Gleanings from "The Kinmundy Express"


"The Kinmundy Express"; Kinmundy, Illinois; F.O. GRISSOM

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Compiled by Dolores Ford Mobley

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Please note!!! The articles on this web site for the years 1904 thru mid 1914 are not currently available on microfilm at the Abraham Lincoln Presidential Library - Newspaper Microfilm Depository in Springfield, Illinois.  News reports were copied in their complete form from the original newspaper copies. 

Missing papers Jan. 7 and Jan. 14.

Jan. 21, 1909:

- Marshal Slain: Flora, Ill., Jan. 16 - Ex-Mayor R.M. ADDUDDLE of this city, shot and almost instantly killed Night Marshal Z.T. SHIPLEY here last night as a result of an old grudge. He then went home and retired. ADDUDDELL went to his home about 8 o’clock last night and procured a shot gun. He then went to a dark place on West North avenue and discharged the gun twice, it is charged, thereby drawing SHIPLEY to the spot. When SHIPLEY arrived he told ADDUDDELL to stop shooting. SHIPLEY made a move toward him and ADDUDDELL fired. The charge took effect in SHIPLEY’s neck and chin. The wounded man staggered a short distance and fell dead. A crowd gathered quickly but the slayer kept them away by threatening them with his gun. He was found asleep in bed this morning by the Sheriff and was arrested. ADDUDDLE is well known in this city as he ran a saloon here several years ago.

- The dance given by the Clover Leaf Club of Brubaker, Saturday night at the K. of P. hall in this city was well attended and a good time enjoyed by all.

- Oscar COX, of Meacham township, has opened a new restaurant in the opera house block in the room first door west of N.A. RICE.

- Advertisement: Closing Out Sale. On account of failing health, I have decided to give up my business and sell AT COST all of my immense stock and merchandise except groceries and Wall paper. Three Large Rooms. $18,000 worth of merchandise going at cost! This sale begins Jan. 25th, Closes February 20th. Remember this sale lasts just four weeks. Take advantage of it. N.L. GANT, Farina. (*)

- Advertisement: When in need of Nails, Bolts, Locks of all kinds, axes, hatchets, hammers, pocket knives, table cutlery, copper nickel plated ware, heating stoves, cook stoves, ranges, pumps, kitchen sinks, etc., etc. I’ll be glad to show you. Ellis WOLFE.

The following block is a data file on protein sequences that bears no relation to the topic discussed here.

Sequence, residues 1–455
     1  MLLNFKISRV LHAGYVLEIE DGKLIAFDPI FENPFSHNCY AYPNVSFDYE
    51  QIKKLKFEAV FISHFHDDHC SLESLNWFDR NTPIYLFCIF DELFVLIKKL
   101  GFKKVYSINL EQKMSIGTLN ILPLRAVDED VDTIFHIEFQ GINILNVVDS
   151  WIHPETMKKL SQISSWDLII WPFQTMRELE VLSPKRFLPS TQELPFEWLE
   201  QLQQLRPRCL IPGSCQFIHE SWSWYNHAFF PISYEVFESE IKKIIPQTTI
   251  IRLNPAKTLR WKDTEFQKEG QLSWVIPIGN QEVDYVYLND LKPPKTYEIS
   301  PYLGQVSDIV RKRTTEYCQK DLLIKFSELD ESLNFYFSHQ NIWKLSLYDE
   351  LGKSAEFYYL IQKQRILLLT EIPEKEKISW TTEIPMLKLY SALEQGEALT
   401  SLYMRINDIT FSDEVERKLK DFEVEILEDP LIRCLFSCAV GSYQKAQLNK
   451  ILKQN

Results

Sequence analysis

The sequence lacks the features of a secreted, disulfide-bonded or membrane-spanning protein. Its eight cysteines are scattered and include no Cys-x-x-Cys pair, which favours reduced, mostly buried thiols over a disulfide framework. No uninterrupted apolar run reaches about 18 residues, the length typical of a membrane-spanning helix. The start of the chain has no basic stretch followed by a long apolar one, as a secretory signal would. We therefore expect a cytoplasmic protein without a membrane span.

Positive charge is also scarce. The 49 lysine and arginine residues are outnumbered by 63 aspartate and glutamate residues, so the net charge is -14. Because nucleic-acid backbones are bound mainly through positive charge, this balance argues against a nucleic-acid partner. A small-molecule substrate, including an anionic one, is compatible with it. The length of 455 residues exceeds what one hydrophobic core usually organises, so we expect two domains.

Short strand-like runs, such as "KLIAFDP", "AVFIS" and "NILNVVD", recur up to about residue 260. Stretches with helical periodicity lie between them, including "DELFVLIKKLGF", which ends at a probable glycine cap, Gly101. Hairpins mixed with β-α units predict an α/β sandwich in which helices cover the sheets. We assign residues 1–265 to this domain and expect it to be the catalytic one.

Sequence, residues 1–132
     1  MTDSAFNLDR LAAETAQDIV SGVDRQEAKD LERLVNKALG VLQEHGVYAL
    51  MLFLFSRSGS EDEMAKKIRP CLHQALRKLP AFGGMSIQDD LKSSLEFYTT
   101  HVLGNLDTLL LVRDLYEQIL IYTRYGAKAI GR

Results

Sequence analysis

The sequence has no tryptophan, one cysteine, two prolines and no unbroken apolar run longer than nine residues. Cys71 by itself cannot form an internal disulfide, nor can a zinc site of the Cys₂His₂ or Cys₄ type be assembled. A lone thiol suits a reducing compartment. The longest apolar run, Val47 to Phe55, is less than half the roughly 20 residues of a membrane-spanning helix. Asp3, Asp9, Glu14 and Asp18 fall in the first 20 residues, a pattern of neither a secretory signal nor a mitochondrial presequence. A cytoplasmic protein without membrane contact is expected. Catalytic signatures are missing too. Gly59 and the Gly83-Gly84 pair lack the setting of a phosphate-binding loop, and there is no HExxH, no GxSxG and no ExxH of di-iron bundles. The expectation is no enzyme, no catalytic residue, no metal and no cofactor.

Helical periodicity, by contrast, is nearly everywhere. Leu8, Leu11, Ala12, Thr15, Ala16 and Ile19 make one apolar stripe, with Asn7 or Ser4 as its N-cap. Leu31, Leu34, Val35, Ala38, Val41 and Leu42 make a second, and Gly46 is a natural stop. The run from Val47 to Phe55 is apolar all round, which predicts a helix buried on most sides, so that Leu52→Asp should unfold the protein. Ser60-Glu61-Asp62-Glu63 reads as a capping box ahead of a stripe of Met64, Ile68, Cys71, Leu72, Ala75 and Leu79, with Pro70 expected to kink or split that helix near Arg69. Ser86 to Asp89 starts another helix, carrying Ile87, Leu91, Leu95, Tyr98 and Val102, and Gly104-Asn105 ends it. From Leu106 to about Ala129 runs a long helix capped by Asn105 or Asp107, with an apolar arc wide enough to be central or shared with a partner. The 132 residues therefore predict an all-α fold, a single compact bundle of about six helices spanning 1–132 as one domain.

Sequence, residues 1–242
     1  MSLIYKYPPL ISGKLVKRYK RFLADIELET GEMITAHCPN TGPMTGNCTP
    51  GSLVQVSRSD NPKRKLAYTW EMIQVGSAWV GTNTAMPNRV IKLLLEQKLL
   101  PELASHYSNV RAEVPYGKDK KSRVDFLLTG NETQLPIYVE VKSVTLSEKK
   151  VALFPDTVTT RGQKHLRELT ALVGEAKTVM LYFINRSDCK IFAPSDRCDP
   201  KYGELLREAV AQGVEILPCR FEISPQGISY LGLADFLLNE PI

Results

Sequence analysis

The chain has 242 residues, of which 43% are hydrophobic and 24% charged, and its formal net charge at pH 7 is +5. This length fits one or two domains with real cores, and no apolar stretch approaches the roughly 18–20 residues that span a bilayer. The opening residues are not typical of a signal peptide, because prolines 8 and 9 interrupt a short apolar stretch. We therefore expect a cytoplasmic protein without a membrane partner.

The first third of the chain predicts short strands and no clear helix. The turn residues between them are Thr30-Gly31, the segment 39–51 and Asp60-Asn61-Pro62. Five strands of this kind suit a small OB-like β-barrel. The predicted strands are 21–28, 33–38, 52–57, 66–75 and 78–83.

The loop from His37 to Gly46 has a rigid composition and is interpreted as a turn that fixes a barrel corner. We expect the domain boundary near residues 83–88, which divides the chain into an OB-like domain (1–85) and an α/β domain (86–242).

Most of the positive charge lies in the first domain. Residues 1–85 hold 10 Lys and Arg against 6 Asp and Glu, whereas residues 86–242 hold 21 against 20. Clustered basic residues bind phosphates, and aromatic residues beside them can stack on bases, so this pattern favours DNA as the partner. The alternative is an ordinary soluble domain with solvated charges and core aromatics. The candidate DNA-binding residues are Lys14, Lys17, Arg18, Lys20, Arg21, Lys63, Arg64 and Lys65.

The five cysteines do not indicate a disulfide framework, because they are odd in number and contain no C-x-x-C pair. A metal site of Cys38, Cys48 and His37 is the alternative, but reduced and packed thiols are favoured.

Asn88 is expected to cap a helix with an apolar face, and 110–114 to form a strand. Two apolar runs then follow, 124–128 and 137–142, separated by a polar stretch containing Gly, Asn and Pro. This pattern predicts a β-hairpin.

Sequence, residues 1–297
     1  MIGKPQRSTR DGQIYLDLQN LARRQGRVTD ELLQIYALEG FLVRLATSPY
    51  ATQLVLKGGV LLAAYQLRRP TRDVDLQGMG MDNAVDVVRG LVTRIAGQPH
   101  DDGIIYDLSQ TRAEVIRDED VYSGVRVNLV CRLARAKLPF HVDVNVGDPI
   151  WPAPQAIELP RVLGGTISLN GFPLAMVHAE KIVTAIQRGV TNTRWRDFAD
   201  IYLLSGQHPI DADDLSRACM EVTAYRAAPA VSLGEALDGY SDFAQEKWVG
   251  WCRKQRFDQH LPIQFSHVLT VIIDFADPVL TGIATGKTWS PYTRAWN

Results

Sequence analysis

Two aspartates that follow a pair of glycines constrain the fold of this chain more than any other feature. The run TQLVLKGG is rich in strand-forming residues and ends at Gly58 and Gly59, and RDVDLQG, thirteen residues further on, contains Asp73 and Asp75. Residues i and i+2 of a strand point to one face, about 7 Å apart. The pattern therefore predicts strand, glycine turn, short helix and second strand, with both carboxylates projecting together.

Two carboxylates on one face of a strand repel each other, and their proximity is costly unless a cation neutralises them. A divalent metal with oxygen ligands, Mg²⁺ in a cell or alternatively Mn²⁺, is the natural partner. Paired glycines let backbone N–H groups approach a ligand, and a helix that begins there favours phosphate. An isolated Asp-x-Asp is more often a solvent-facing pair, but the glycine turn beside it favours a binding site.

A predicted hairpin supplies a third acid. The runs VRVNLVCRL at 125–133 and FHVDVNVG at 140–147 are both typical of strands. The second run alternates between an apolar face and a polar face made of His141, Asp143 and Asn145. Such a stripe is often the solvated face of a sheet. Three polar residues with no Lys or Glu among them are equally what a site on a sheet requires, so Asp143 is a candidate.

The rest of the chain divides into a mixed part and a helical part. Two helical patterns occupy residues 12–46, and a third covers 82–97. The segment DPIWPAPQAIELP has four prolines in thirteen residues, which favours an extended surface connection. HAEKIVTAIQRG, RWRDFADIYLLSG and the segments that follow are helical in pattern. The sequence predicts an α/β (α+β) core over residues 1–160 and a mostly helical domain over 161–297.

Jan. 28, 1906:

- Removal! After Feb. 1st we will occupy the O.N. TYNER Studio, over the postoffice, where we will be glad to meet our friends and patrons. Being overstocked with several different styles of cards we have decided to cut the price to the following figures while they last. Come at Once! Don’t Wait!! He who always waits generally waits always. Remember the place - TYNER’s old stand over P.O. C.L. FOSTER’s. (*)

- Yesterday was the 77th birthday of I.T. DILLON and was spent by him with his wife at the home of Dr. and Mrs. E.G. FORSHEE. Mr. DILLON is enjoying general god health.

- Montgomery WILSON of Decatur visited here Friday with his brother, J.W. WILSON and family.

- Farina Express: S.B. GWIN and wife, and C.A. SWITZER and wife were in Altamont last Friday attending the big birthday dinner in honor of G.W. GWIN.

- Frank COX went to Oblong Friday to visit his brother, Lyman COX and family, who are engaged in the restaurant business.

Feb. 4, 1909:

- Omega Express: R.M. and J.M. SCHOOLEY were called to Farina Sunday to attend the funeral of their niece, Mrs. HOLIDAY.

- J. McILWAIN of Findlay has traded a farm to J.W. BROOM, of Alma, for a stock of merchandise and has moved the store to this city and occupy the SEE building opposite the opera house.

- A new son arrived at the home of W.H. MORGAN and wife, in Foster township last Friday.

- Guy BARBEE is visiting in O’Fallon with his brother, Fred and family.